Shares in Smith & Nephew gained after a doubling of profits offset the unexpected exit of its chief executive.
The FTSE 100 group, which makes medical products such as bandages and knee replacements, rose 7.5 per cent, or 88.5p, to 1267.5p after its 2021 profit jumped to £437million from £218million the year before. Sales climbed 14 per cent to £3.8billion.
It came as it said Roland Diggelmann will step down by mutual agreement at the end of March.
On the mend: Smith & Nephew, which makes medical products such as bandages and knee replacements, rose 7.5% after its 2021 profit jumped to £437m
He will get a £4.5million pay-off including a year’s salary, which in 2020 was around £1.3million, and a share of the executive pension pot.
The 55-year-old has been in the role for less than three years after replacing Namal Nawana, who left amid claims he was underpaid.
Diggelmann will be replaced by Deepak Nath, the former head of diagnostics at German firm Siemens Healthineers, who will be paid £6.3million in share awards as a ‘golden hello’ and a £1.1m annual salary before bonuses.
‘It is hardly the most ringing endorsement when a company announces the departure of its chief executive and the subsequent share price gain catapults the firm to the top of the day’s FTSE 100 leaderboard, but that is what is happening,’ said AJ Bell investment director Russ Mould.
He said it could be ‘a beneficiary of anything like a return to normality’ as hospitals recover from the impact of Covid-19.
The FTSE 100 tumbled early on but rebounded to close 0.1 per cent, or 9.88 points higher, at 7494.21 while the FTSE 250 ended 0.5 per cent, or 103.86 points, down at 20993.33.
The crisis in Ukraine continued to hit sentiment, although several Russian firms were up. Steel firm Evraz rose 5.4 per cent, or 14.3p, to 281.3p while miner Polymetal added 2.8 per cent, or 30p, to 1100.5p.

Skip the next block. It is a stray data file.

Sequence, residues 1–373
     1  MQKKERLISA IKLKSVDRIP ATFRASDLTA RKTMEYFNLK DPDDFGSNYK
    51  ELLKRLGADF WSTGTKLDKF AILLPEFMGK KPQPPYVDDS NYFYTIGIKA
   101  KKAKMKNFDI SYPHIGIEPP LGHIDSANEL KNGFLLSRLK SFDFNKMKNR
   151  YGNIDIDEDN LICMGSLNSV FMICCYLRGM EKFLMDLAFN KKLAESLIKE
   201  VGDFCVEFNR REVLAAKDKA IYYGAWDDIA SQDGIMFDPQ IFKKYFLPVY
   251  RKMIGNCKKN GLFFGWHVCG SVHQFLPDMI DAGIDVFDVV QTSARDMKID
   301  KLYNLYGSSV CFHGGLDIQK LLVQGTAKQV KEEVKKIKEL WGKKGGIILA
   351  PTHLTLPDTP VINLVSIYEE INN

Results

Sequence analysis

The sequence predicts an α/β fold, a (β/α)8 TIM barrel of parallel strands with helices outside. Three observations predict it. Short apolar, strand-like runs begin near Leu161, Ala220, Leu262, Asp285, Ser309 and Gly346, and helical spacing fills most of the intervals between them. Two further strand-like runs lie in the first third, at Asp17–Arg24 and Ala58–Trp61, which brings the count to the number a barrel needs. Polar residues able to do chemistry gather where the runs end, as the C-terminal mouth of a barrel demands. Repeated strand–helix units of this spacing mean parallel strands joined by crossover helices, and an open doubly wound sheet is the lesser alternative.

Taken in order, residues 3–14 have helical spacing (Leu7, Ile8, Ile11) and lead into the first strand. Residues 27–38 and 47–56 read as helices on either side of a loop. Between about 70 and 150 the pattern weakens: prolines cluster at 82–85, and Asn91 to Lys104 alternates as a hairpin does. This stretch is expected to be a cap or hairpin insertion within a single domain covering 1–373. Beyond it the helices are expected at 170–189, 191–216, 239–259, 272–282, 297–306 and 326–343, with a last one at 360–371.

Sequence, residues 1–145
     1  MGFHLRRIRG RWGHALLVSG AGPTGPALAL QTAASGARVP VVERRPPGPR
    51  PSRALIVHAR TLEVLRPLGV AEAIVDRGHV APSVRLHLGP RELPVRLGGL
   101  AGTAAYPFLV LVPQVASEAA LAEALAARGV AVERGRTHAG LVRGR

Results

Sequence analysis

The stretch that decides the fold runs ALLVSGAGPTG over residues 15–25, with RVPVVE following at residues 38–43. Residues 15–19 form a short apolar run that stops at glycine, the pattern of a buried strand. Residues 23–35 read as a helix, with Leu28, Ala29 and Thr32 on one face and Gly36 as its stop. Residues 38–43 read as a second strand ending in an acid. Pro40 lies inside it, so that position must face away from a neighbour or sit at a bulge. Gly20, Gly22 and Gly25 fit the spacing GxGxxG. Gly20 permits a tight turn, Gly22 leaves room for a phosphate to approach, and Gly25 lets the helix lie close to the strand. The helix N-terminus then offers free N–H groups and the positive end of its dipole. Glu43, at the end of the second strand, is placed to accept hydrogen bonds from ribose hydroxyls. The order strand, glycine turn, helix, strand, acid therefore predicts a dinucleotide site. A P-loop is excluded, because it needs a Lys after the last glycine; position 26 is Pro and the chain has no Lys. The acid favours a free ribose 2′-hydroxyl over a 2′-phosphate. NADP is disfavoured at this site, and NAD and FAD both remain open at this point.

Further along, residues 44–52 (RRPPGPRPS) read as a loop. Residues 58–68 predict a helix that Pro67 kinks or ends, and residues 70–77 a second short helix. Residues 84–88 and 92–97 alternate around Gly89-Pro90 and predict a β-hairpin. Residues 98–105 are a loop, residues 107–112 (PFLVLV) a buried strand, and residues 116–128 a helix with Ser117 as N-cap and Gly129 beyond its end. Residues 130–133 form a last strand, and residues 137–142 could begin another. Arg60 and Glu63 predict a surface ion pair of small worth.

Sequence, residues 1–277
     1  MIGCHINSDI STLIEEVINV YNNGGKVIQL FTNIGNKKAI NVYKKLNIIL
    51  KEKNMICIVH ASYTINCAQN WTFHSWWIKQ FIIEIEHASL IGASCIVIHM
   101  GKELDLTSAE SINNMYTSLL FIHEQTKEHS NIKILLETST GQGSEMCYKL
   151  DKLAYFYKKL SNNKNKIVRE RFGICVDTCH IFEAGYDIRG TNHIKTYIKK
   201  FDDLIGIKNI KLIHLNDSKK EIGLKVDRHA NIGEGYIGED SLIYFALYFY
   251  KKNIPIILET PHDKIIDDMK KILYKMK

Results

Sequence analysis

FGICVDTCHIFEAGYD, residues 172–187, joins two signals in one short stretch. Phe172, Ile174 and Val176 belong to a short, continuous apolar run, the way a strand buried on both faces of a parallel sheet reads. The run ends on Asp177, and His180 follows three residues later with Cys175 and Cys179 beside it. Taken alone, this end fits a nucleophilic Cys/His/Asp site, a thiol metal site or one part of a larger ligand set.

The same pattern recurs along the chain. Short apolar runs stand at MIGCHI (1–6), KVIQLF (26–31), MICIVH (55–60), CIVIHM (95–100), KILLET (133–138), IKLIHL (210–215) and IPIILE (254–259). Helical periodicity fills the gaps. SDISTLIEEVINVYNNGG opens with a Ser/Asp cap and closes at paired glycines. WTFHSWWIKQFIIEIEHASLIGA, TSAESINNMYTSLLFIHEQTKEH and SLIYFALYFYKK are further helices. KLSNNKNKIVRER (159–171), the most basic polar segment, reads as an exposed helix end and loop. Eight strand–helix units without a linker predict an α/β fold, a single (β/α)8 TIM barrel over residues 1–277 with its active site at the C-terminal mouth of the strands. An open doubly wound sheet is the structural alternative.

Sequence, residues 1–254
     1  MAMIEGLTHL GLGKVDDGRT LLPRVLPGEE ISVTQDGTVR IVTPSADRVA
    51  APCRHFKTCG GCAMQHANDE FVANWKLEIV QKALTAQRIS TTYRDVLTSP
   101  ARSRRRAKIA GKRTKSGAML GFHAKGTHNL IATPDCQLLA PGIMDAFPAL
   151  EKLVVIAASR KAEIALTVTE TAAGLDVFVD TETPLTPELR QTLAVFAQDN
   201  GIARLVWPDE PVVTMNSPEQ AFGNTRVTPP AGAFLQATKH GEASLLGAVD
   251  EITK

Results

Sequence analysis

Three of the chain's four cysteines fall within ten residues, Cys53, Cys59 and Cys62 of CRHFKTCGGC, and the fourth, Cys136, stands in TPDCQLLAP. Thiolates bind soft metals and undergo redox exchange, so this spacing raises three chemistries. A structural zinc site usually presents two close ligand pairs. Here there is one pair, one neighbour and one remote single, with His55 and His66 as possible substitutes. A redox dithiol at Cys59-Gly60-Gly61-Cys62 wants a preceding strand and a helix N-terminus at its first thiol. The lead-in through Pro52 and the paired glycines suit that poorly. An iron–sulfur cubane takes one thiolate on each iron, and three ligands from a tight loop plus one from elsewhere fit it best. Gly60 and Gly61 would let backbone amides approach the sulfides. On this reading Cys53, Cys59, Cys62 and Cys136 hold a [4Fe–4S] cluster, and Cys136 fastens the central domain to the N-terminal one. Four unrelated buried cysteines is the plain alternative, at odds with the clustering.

Stock Watch – System1
Small-cap marketer System1 lost nearly a third of its value after a profit warning.
It said a ‘sudden and unanticipated’ drop in its sales forecasts for the US meant revenues for its fourth quarter would be over £1million lower than previously expected.
And while it was taking ‘rapid action’ to shore up its US business, profits for the year to the end of March were predicted to fall £1million short of estimates.
The update sent the shares plunging by 30.1 per cent, or 110p, to 255p.
One outlier was digger Petropavlovsk, which dropped 0.4 per cent, or 0.05p, to 13.21p as gold prices softened.
Airline Wizz Air, which serves multiple routes in eastern Europe, was also under pressure and sank 1.4 per cent, or 58p, to 3988p.
Meanwhile, troubled ecommerce firm THG fought back against speculation that brands were restricting stock deliveries.
The firm was ‘not aware’ of any suppliers reducing deliveries to its THG Beauty division despite reports that Dermalogica, a skincare brand owned by Unilever (down 1.5 per cent, or 57p, at 3793p), was doing just that. The shares fell 1.8 per cent, or 1.9p, at 101.5p.
Profits at mining giant Antofagasta more than doubled amid a spike in global copper prices.
Revenue jumped 46 per cent in 2021 to £5.5billion while profits soared 146 per cent to £2.6billion. The shares inched up 0.7 per cent, or 9.5p, to 1405.5p.
Easyjet rose 1.6 per cent, or 10.8p, to 669p amid hopes that a recovery in travel stocks could see it re-enter the FTSE 100 in next month’s reshuffle.
‘The focus on short-haul travel puts it in a better position than its long-haul rivals when it comes to capturing returning passengers, said Hargreaves Lansdown analyst Susannah Streeter, who said it could benefit from ‘pent-up travel demand’.
Engineer John Wood fell 16.2 per cent, or 36.55p, to 188.85p as it was forced to delay the publication of its full-year results.
It predicted a £74million hit from a project to build an anti-missile defence system for the US Army in Poland.
Meanwhile, United Utilities and Severn Trent were underwater after a bleak appraisal from analysts at Jefferies.
The broker demoted United to ‘hold’ from ‘buy’ and cut the target price to 1000p from 1170p, sending it down 2.4 per cent, or 25.5p, to 1032.5p.
Severn Trent slumped 2 per cent, or 57p, to 2779p after it was lowered to ‘underperform’ from ‘hold’ and its target was trimmed to 2480p from 2810p.
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